The pandemic has increased the pressures on community pharmacies, and lockdowns have led to changes in pharmacy practice – paperless prescriptions, more self care advice and increased home delivery. With the shift towards more digital services, efficient pharmacy technology has become increasingly important.
In July 2020, a survey by the National Pharmacy Association (NPA) revealed that the public would support a greater role for pharmacies within the NHS after Covid-19. Seventy-four per cent of respondents said they want community pharmacies to be better integrated with other healthcare services, operating as neighbourhood health and wellbeing centres and providing face-to-face advice.
The Community Pharmacy Contractual Framework for 2019/20 to 2023/24: supporting delivery for the NHS Long Term Plan, published in July 2019, recognised that an expanded community pharmacy role would be dependent on releasing pharmacists from some of their existing workload. One way to do this would be to maximise the opportunities afforded by automation and IT developments to make dispensing more efficient.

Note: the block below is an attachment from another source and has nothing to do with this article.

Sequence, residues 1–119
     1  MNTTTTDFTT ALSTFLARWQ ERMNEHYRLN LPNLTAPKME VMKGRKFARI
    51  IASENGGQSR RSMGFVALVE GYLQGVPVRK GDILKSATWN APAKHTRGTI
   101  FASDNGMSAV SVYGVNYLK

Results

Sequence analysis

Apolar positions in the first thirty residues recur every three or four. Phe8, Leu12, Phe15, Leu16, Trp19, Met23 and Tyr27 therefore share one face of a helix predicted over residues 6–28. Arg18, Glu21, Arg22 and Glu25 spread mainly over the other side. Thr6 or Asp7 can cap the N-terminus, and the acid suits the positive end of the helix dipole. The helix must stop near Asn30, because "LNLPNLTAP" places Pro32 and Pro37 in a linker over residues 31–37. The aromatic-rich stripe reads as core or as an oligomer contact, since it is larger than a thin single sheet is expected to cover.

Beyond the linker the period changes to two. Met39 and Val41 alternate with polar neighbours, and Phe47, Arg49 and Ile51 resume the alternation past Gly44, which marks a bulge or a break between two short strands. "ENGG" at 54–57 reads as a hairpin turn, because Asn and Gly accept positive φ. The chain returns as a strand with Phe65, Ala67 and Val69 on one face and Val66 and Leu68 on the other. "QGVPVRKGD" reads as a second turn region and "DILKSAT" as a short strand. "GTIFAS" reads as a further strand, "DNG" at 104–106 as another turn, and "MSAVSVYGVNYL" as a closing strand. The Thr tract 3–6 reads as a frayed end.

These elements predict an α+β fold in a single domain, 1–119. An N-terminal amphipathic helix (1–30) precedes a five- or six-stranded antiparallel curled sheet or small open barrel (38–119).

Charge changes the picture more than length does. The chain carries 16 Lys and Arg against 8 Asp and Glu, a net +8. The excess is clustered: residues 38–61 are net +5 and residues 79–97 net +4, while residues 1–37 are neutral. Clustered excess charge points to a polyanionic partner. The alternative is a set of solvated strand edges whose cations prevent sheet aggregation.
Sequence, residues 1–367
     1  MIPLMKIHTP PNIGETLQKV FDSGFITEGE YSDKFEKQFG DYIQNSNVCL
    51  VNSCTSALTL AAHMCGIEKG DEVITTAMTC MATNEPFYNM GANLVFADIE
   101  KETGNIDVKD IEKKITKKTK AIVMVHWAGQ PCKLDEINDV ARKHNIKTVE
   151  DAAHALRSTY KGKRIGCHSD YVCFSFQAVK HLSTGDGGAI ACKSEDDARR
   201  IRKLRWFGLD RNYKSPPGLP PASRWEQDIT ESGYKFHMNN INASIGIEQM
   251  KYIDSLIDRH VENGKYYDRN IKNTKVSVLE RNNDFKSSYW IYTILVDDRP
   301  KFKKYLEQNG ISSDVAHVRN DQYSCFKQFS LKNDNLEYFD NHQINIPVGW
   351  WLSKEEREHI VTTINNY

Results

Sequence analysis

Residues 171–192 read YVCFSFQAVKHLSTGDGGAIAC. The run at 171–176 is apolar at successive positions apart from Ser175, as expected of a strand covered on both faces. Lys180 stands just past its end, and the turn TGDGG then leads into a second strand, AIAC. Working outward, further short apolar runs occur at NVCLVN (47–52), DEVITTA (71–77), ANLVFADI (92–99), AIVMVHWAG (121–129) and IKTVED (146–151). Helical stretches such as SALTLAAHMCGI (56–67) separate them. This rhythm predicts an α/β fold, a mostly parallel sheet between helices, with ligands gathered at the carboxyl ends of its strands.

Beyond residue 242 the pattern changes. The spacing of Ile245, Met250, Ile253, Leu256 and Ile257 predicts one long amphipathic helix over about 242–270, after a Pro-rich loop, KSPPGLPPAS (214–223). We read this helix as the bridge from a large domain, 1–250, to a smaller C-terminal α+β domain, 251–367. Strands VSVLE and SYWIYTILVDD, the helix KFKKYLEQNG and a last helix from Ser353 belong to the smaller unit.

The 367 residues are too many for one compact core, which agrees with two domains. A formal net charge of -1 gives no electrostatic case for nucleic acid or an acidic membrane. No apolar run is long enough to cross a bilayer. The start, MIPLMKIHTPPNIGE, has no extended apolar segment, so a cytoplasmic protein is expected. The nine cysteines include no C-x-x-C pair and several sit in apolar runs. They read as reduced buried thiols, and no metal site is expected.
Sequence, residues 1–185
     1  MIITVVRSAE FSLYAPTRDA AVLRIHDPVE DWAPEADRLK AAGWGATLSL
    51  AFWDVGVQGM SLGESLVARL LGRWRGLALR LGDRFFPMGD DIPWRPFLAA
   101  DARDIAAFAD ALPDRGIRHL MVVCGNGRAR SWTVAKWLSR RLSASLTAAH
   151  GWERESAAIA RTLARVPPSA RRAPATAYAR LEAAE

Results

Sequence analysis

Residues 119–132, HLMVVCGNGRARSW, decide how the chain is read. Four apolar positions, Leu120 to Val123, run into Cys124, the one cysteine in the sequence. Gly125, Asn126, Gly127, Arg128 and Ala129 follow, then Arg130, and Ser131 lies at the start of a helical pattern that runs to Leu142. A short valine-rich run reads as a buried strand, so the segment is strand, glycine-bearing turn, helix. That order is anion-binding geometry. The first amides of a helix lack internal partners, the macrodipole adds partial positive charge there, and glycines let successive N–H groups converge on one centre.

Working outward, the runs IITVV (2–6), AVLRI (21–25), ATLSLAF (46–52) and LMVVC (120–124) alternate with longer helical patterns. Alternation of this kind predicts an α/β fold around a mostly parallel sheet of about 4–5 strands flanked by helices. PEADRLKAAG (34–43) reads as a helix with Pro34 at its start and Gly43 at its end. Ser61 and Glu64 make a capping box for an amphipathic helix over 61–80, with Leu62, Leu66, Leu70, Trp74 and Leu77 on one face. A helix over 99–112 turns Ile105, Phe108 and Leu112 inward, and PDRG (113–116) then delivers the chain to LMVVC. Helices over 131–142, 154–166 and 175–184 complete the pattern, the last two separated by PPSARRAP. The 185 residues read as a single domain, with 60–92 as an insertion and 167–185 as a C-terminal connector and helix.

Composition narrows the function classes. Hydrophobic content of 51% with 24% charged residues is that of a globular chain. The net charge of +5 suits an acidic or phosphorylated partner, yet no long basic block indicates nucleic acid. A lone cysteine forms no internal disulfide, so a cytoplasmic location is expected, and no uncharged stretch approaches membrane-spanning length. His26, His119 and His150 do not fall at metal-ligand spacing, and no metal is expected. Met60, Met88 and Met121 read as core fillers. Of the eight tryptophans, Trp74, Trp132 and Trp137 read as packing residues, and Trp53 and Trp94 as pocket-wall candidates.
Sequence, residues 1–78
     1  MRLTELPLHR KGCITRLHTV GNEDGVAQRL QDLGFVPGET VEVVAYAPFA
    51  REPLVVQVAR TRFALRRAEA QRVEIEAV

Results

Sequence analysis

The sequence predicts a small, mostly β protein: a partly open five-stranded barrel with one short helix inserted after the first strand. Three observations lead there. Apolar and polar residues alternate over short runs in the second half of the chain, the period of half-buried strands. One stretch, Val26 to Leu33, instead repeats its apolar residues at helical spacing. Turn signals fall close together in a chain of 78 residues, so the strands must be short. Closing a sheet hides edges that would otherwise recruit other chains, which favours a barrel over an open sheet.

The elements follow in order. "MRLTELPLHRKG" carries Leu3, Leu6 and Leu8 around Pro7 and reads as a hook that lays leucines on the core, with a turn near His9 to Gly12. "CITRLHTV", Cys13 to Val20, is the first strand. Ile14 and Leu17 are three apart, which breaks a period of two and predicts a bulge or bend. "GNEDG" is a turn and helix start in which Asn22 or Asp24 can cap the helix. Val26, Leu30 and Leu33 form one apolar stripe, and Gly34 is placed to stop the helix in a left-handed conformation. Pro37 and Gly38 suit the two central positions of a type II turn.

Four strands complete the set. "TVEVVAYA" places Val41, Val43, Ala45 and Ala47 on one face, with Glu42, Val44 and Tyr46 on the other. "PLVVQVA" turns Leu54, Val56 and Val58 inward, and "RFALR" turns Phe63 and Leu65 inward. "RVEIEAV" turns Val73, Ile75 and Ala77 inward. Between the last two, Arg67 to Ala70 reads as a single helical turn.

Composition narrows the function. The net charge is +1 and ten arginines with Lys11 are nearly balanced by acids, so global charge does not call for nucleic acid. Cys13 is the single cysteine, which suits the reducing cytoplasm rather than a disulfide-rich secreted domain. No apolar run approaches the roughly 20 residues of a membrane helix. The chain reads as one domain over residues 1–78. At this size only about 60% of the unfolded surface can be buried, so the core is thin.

According to Gary Paragpuri, chief executive of Hub & Spoke Innovations, distributor of the Pharmaself24 automated prescription collection point, the pandemic has had a significant impact on how pharmacies think about automation. “Pharmacy is competitive,” he says. “Patients are free to choose where they take their custom, but automating certain parts of the process can help a business retain its competitive edge. The shift to a digital, convenience-led way of life has accelerated during lockdown, further driving the acceptance of online services, click-and-collect models and next-day delivery. These are broader societal changes, and they are certainly being felt in pharmacy.”
Cyrus Hodivala, Omnicell’s sales director UK & Ireland, says Omnicell has seen a significant spike in interest in pharmacy automation over the last 12 months. “Covid-19 has obviously pushed the envelope of operation and supply for retail pharmacy,” he says. “Pharmacy owners have had huge staff shortage problems, while their staff are self-isolating or having to look after sick relatives or children.
there is a genuine belief that patient safety should be paramount in these high-pressure working environments
“This has been offset against a degree of public concern around medicine supply challenges driven by both Covid-19 and Brexit. In essence, pharmacies have been driven to serve more customers and issue more meds with fewer staff. This has crystallised just how reliant the pharmacy process is on stable staffing levels. Lastly, there is a genuine belief that patient safety should be paramount in these high-pressure working environments.”